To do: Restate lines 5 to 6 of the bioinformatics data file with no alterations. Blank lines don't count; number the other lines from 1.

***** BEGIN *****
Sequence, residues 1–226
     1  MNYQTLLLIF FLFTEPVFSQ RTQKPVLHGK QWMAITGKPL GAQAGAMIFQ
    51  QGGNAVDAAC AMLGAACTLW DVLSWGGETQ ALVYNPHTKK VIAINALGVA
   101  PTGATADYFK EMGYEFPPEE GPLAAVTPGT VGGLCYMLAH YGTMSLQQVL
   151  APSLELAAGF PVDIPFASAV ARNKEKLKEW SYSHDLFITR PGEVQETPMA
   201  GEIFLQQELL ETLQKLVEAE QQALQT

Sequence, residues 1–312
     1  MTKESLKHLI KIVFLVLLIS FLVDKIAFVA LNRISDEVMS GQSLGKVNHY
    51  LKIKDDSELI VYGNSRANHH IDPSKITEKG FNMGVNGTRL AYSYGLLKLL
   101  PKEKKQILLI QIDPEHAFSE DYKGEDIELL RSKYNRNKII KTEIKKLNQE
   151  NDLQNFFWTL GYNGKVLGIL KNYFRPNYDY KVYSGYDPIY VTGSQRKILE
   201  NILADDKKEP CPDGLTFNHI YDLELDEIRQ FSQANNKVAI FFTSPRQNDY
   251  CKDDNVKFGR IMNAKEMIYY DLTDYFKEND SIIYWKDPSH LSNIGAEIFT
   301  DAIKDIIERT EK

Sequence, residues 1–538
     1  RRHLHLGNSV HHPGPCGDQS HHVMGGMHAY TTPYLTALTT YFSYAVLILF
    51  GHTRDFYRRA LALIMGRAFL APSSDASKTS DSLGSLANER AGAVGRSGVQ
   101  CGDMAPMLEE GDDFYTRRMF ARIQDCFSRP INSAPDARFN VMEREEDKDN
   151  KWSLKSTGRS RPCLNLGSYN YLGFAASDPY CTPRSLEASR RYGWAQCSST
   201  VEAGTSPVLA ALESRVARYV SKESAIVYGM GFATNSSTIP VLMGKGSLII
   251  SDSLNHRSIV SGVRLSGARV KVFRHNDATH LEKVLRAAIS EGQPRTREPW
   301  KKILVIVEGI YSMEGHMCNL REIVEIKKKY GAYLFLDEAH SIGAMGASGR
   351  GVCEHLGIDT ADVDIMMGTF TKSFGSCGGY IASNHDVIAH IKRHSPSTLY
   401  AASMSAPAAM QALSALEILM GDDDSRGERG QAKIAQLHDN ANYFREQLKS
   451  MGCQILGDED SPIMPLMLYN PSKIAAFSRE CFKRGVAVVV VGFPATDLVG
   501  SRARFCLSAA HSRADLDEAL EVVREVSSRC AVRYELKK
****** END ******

   151  APSLELAAGF PVDIPFASAV ARNKEKLKEW SYSHDLFITR PGEVQETPMA
   201  GEIFLQQELL ETLQKLVEAE QQALQT